An airline for musicians to avoid at all costs

An airline for musicians to avoid at all costs


norman lebrecht

December 11, 2013

Earlier this week, we reported that Veuling, the Spanish budget airline, forced two violinists in a string quartet to carry their instruments unprotected on board, or face a steep financial penalty. They were quite rude about it.

This now appears to be the airline’s policy. Violinist David Peralta booked an Iberia flight from Amsterdam to Barcelona and found his ticket assigned to Vueling. Iberia, apparently, is a part-owner of this shaky company.

In order to take his violin case on board, Vueling made him pay an extra 300 Euros for an extra seat (below). David, who is principal second violin at the Netherlands Philharmonic Orchestra, describes this as ‘blackmail’ and warns all musicians to avoid this dubious airline. We call it daylight robbery and strongly advise everyone to take care when booking Iberia as well. Read David’s account here. 



  • Bad for Vueling! But I must say that my exprerience travelling with that budget airline is very good. But I’m not a string player.

    • Martin says:

      Ibearia and Vueling are pretty clear on their non-acceptance of musical instruments on the airplane. No musician should book.


      Musical instruments

      Musical instruments that do not exceed the standard measurements 30x120x38 cm. may be carried with you in the cabin.

      Carriage requirements:

      As carry-on baggage:

      Musical instruments whose dimensions do not exceed 30x120x38 cm (standard guitar measurements) may be carried in the cabin as the sole piece of permitted carry-on baggage.*

      As checked baggage:

      A musical instrument can be checked in as part of the passenger’s personal baggage allowance. The maximum permitted measurements are 190x75x65cm with a maximum weight of 45kg. If the weight is between 23 Kg and 32Kg an excess weight surcharge will apply. If the weight is between 32 Kg and 45 Kg, it will always be considered excess baggage. If the musical instrument is additional to the permitted checked baggage the same surcharges as established for other equipment will apply*.

      On an extra seat:

      If you wish to use an extra seat to carry a musical instrument, please contact your Iberia Bookings Centre, where you be informed of the permitted maximum measurements for your journey and will be told whether or not its carriage is allowed.

      * For flights operated by Iberia Regional Air Nostrum or Vueling (IB8XXX and IB5XXX), these companies’ specific regulations will apply.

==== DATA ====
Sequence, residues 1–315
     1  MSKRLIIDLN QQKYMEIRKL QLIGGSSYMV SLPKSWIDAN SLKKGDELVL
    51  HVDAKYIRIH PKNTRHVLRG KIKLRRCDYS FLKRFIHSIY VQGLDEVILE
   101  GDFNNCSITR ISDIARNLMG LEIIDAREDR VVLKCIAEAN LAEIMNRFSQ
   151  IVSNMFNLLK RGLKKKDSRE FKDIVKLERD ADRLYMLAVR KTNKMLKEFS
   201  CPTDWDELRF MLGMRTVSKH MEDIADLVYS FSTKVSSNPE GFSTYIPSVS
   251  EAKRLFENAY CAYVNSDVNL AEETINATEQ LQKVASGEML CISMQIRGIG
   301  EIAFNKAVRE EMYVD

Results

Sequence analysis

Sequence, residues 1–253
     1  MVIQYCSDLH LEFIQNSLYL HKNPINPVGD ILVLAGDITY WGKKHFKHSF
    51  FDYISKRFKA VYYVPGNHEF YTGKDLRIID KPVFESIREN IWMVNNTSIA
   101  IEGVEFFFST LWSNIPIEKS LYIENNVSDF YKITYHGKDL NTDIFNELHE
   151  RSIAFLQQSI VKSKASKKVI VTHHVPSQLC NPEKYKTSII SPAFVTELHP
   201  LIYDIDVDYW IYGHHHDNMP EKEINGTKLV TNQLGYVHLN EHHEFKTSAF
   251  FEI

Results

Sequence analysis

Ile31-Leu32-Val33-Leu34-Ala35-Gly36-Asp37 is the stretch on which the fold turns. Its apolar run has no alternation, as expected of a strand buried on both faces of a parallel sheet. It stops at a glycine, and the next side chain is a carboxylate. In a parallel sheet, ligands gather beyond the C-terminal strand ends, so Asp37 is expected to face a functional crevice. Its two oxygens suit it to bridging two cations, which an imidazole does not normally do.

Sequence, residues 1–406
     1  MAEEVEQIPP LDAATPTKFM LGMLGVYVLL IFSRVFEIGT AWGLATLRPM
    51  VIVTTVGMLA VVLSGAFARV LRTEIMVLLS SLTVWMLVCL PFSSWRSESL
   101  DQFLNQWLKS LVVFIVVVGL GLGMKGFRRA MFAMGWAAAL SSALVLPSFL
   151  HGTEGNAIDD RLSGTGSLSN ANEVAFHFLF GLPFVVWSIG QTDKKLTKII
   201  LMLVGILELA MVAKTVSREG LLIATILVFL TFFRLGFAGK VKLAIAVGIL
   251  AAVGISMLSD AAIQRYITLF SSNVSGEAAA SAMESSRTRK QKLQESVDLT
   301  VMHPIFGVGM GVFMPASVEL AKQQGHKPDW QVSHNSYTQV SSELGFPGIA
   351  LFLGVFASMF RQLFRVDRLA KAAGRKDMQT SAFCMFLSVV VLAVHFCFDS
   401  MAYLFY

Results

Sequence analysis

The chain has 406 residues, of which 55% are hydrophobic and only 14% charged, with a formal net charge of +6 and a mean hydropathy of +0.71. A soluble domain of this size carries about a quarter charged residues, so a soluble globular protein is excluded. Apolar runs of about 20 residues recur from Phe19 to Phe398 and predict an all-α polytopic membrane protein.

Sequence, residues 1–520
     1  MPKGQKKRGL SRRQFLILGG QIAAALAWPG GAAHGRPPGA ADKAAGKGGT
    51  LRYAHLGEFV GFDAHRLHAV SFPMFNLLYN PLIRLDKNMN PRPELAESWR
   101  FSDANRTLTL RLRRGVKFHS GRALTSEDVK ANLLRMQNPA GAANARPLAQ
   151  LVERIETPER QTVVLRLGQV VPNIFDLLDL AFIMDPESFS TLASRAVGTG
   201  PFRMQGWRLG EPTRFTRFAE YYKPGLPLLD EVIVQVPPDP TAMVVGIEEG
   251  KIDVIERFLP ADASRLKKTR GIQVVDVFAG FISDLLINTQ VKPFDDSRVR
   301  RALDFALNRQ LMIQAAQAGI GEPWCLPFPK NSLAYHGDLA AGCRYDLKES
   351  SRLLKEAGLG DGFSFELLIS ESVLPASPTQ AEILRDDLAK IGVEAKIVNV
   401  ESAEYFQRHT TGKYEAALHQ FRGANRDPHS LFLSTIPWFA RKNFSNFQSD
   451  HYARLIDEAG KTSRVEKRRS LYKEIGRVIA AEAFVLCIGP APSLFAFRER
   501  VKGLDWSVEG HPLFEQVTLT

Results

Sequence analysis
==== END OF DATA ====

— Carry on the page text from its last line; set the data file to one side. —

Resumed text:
Your hand luggage is what you can take on the plane with you, providing it does not weigh more than 10 kg and is no larger than 55x40x20 cm.

      Remember, regulations at the boarding gate are very strict. If the size or weight of your luggage exceed the permitted limits, you’ll have to pay a charge of €35 per bag each way.

      Excellence Fare

      Only Excellence fare allows you to take hand luggage weighing up to 14 kg, and you’ll have guaranteed space on board.

      Musical instrument

      Take your musical instrument with you with Vueling! Check in your musical instrument and take it wherever you go.

  • thekingontheviolin says:

    I recently booked on line two tickets to Miami and avoided the cheapest deal with Virgin knowing they have a negative policy towards violins. I booked the next fare with Delta. After receiving the ticket the time was identical to the virgin flight so I phoned the company with much eine kleine Nachtmusik to endure. I was informed that Delta now operates with virgin staff and uses their flights. Delta rules are ok for violins but when I queried whose rules would be followed the hapless girl had no idea. I exploded (I have a technique which implies legal proceedings, escalated the call and spoke to an Indian who grovelled without resolving my doubts. As there were to be two of us with two violins I was not prepared to take the risk. The Indian phoned me back and gave me two pieces of bad news. First the virgin staff follow their rule not Delta and second my purchase was legally binding.I asked “is this call being recorded?” He answered affirmative.. I said good came out with many bad words prefacing carefully that this was in no way an insult of a personal nature to the telephone staff but informed them they were guilty of theft, misrepresentation that I was a lawyer of international standing and that the publicity to which I have acces would do them and Vrigin and Delta more than the 2.5 k dollars damage.

    He escalated the call in panic to a pussy cat english woman with velvet voice who tried to “help me understand”…

    I was the more successful in helpfulness. We came to a gentleman’s agreement to take the next price up which was American Airlines.

    The Indian man phoned me back to say “As a goodwill gesture” they would take the original price for the A.A flight…..Why do we have to go through all this?

    Norman, a request??? Could someone post a list of airlines with a simple yes no ticked box feature?

    Two weeks later we both went el al to Israel. They are strict about size (cubic) but when it came to the practicalities they couldn;t careless about hand baggage a full jumbo was crammed with so much extra hand baggage it was comic. I and my colleague took 2 violins, 2 computers 2 bags full of drink cigars perfume and two bags for tefillin and prayer books. El Al is not easy on people but once through the security they are not bothered about hand baggage.